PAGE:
Aberdeen boss Derek McInnes happy at Dons but demands more from team
|Scottish League Cup final: Aberdeen v Celtic|
|Date: Sunday, 27 November Venue: Hampden Park Kick-off: 15:00 GMT|
|Coverage: Listen on BBC Radio Scotland, live text commentary on BBC Sport website|
Success comes in many forms in football. Three points, winning runs, clean sheets, player sales…
Trophies are more tangible and Aberdeen manager Derek McInnes has the chance of delivering his second in three years in the League Cup final against Celtic on Sunday.
There's more to it than that, though. Progress also represents success.
The former St Johnstone and Bristol City manager believes he has achieved that since taking charge at Pittordrie three-and-a-half years ago.
"I was well aware of what the club and city was capable of being," he told Sportsound in an interview broadcast on BBC Radio Scotland on Tuesday.
"We looked way short of that to be honest.
"I wanted the supporters to wake up on a Saturday morning and really look forward to coming to the game. Not just coming through duty or loyalty.
"Supporters were right to question why other clubs had picked up trophies and cups. Why shouldn't Aberdeen be one of them?
"I wanted to work for a club that had that demand and pressure to deliver.
"If somebody had said to me on day one this is where we would be with the current team, a team that's met the demand to get regular European football, to win a trophy, to be 90 minutes from another trophy, to push Celtic when we really shouldn't have any chance given the vast difference in resources - I'm happy."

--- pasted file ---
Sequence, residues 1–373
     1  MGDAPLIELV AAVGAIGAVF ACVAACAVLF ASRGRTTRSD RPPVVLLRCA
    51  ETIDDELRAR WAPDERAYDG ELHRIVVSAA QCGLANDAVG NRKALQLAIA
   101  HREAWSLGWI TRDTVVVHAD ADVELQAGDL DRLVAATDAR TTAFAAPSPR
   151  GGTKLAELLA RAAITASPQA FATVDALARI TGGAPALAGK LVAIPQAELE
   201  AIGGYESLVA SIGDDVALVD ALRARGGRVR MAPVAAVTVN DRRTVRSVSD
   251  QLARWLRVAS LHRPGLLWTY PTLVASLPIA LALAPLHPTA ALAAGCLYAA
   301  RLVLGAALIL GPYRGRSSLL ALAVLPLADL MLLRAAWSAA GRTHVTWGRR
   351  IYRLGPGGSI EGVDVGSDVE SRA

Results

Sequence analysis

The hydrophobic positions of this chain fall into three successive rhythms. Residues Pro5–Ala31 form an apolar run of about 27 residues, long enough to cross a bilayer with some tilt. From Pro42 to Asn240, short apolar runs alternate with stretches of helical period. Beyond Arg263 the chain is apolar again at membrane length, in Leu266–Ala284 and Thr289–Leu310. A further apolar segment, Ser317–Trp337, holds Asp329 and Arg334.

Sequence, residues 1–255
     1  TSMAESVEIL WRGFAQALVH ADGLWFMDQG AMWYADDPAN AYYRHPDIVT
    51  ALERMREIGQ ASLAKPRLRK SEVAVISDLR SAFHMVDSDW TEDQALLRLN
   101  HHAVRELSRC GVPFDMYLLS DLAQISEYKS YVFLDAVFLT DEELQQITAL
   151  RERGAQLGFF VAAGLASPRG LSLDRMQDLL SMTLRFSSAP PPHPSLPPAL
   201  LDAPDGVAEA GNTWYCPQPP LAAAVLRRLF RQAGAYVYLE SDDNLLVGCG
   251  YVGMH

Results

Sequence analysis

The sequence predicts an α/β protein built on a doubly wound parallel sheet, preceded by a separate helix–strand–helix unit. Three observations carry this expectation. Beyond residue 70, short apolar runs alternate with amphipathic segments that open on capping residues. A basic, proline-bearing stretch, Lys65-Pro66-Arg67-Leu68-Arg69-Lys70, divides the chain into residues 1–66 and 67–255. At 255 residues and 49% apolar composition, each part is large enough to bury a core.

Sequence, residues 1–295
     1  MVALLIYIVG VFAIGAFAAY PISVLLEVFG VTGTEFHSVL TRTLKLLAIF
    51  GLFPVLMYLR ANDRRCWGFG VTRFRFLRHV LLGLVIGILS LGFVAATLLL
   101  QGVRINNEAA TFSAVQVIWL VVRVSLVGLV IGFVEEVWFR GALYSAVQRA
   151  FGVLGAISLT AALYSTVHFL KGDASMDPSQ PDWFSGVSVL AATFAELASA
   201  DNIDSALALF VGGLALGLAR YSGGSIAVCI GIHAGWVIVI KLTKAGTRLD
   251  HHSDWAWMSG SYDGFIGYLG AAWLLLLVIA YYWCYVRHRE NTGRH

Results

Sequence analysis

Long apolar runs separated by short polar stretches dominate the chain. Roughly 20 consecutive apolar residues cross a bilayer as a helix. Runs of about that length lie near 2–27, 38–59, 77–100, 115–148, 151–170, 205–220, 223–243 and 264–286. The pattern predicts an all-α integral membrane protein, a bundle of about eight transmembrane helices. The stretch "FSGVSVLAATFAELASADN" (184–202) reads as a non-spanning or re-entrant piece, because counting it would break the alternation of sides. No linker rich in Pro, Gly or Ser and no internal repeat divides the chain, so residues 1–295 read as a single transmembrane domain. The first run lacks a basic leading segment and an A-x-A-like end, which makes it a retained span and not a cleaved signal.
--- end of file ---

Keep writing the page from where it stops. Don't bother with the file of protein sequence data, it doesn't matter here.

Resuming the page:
McInnes is also adamant he is content at Pittodrie for the long term, though admits indirect approaches have been made to lure him elsewhere. Progress attracts interest.
"It'd be naïve to think that you don't get asked about availability but the chairman and I have a real strong working relationship," the 45-year-old explained.
"I want to leave here on the back of an era of being successful rather than just talking about a League Cup that we won in 2014.
"I want to say that same message to my players as well. I want them to leave on the back of being international players here, winning trophies here.
"I want this to be a difficult place to leave. At this moment in time I could not be happier.
"We have a good thing going here. It's everything I thought it would be but I still feel we've got more to come."
There's been a burden on each and every Aberdeen manager since Sir Alex Ferguson's glorious reign delivered league titles and the European Cup Winners' Cup.
The landscape has changed significantly, though. Celtic are streets ahead financially now. That alone makes it almost impossible to mount a sustainable title challenge.
Recently, Aberdeen have been the only side with any chance of toppling Celtic, a task that has proved out of reach.
Cup football is different. Aberdeen are underdogs on Sunday against a domestically-dominant Celtic under Brendan Rodgers but the one-off nature of a final encourages the Dons manager.
"We believe we can win it," added McInnes. "We won't be fazed by the game. We're well aware of the strength of our opponent.
"We're well aware that we're underdogs. We're well aware that nobody out-with our club expects us to be anything other than runners-up but we go there to win the trophy.
"While there's been a downturn in the business side of it in Aberdeen and a lot of unemployment over the last couple of years, the football club has tried to keep driving some positivity. I think we've done that in the main.
"Hopefully, there's an even bigger buzz and feel-good factor about the place next week."